Where to Sell Your Coins - Appraising Your Coin Collection

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Previous: Selling Your Coins
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Copyright 2015 by Kevin Flynn, All Rights Reserved

When selling coins yourself, there are several options. Craigslist is not an option that would be advisable for most. Anyone can offer to buy or sell coins on Craigslist, which includes thieves and con-artists. Sellers normally list coins for much more than they are worth, seeking the uneducated to generate a greater profit. Most buyers attempt to negotiate over and over again, hoping you will provide a price under the coin’s value.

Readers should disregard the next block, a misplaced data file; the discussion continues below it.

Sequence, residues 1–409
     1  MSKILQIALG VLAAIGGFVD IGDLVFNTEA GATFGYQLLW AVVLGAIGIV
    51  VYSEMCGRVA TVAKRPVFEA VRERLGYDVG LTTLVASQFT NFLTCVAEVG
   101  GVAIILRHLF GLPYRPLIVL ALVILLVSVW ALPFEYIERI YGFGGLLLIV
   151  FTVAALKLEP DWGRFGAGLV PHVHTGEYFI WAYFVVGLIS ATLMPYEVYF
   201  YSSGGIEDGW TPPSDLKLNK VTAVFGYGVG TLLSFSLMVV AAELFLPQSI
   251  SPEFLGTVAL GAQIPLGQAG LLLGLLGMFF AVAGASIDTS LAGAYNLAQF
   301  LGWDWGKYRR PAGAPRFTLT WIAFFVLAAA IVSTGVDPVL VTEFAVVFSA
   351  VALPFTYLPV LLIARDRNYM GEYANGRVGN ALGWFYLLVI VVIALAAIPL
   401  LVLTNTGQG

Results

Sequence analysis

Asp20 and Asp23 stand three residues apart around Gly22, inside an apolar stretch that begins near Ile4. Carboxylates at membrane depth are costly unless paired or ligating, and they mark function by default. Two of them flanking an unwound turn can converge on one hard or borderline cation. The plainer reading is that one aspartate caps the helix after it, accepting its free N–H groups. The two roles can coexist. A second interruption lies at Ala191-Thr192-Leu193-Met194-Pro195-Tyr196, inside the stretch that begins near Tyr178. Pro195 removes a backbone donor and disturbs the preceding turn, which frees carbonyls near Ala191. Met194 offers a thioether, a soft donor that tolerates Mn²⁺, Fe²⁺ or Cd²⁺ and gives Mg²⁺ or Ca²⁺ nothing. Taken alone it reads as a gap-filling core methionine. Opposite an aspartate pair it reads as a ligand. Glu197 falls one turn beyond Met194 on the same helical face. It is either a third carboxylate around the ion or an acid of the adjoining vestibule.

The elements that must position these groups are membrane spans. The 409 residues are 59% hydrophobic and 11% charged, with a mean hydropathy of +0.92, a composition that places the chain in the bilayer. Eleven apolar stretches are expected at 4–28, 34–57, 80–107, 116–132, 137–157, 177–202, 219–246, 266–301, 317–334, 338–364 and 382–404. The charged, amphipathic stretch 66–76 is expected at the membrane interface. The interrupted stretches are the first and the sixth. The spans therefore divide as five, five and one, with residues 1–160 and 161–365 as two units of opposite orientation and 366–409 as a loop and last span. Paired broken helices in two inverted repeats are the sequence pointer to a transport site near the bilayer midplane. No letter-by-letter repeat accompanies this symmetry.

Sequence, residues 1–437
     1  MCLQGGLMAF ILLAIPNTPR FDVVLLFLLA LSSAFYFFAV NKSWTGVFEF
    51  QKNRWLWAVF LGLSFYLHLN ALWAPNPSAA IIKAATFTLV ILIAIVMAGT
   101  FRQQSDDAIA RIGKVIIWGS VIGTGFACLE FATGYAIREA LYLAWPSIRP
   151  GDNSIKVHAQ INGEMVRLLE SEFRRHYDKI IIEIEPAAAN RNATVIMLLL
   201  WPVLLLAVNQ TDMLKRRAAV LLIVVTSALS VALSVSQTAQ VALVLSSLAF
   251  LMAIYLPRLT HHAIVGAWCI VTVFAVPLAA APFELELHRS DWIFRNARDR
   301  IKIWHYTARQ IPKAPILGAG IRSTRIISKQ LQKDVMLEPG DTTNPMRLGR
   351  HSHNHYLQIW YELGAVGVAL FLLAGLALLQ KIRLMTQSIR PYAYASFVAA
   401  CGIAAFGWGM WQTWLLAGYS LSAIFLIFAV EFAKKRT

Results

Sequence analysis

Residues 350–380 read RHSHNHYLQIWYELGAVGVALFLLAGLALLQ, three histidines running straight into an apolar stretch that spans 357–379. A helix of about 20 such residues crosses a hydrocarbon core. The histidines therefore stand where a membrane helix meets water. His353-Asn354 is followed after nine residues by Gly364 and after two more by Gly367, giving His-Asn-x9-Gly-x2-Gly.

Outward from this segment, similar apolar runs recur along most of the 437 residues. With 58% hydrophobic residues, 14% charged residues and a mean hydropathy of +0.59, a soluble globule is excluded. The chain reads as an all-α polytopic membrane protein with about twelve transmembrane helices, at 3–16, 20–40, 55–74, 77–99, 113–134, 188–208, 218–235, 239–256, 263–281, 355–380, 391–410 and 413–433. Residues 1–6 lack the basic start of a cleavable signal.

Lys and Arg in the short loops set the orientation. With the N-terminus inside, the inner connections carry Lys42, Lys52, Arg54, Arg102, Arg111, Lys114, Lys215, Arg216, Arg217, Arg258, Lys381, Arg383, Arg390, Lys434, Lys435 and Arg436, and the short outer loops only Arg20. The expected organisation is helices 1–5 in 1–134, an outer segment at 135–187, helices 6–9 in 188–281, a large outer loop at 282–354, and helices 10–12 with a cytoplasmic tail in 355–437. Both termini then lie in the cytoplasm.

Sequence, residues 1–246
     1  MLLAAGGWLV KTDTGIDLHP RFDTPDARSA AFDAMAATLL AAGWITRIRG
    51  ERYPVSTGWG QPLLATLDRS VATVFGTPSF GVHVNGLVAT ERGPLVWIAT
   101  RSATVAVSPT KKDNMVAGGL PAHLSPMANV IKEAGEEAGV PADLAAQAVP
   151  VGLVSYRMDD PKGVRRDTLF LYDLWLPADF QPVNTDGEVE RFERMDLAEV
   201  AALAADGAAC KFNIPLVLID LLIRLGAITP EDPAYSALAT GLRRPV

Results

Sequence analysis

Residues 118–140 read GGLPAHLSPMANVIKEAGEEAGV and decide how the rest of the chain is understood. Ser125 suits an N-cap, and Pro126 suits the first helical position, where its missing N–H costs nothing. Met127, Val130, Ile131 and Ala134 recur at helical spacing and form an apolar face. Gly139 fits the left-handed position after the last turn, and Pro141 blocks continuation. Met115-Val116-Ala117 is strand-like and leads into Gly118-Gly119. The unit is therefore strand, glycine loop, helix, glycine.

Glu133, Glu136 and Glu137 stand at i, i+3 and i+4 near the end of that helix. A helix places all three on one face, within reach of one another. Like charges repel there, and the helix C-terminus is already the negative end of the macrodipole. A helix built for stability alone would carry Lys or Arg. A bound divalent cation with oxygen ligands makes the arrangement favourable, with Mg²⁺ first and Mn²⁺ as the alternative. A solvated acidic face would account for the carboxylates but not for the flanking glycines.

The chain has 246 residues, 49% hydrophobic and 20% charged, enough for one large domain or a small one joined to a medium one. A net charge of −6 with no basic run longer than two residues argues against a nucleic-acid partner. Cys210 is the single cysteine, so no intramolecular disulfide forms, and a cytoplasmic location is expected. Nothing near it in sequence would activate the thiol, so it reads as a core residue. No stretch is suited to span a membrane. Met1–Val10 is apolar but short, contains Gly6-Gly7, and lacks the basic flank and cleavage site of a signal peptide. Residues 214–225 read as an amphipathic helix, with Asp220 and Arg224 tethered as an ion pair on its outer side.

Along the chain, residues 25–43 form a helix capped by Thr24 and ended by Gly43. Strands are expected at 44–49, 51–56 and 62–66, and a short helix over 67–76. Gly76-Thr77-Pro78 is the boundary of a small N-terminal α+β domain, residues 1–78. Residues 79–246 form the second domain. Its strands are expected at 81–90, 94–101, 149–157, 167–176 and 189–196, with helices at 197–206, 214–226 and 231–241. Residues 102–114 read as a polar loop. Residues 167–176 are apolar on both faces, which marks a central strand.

The one good control is that when selling, the potential buyer contacts you through a Craigslist account, and they do not see your email address unless you choose to contact them. This helps in screening those people you believe are serious and want to purchase under your conditions.